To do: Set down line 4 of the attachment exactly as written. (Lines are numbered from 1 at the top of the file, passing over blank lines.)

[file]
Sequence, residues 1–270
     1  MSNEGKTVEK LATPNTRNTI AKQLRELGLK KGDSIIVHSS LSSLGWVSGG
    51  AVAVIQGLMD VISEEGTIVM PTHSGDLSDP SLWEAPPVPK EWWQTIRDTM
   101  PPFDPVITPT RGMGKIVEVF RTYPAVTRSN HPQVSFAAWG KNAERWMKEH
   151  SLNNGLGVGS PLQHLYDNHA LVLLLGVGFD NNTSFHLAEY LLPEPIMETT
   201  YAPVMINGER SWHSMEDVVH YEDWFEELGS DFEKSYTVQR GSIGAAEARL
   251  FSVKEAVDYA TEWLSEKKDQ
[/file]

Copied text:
   101  PPFDPVITPT RGMGKIVEVF RTYPAVTRSN HPQVSFAAWG KNAERWMKEH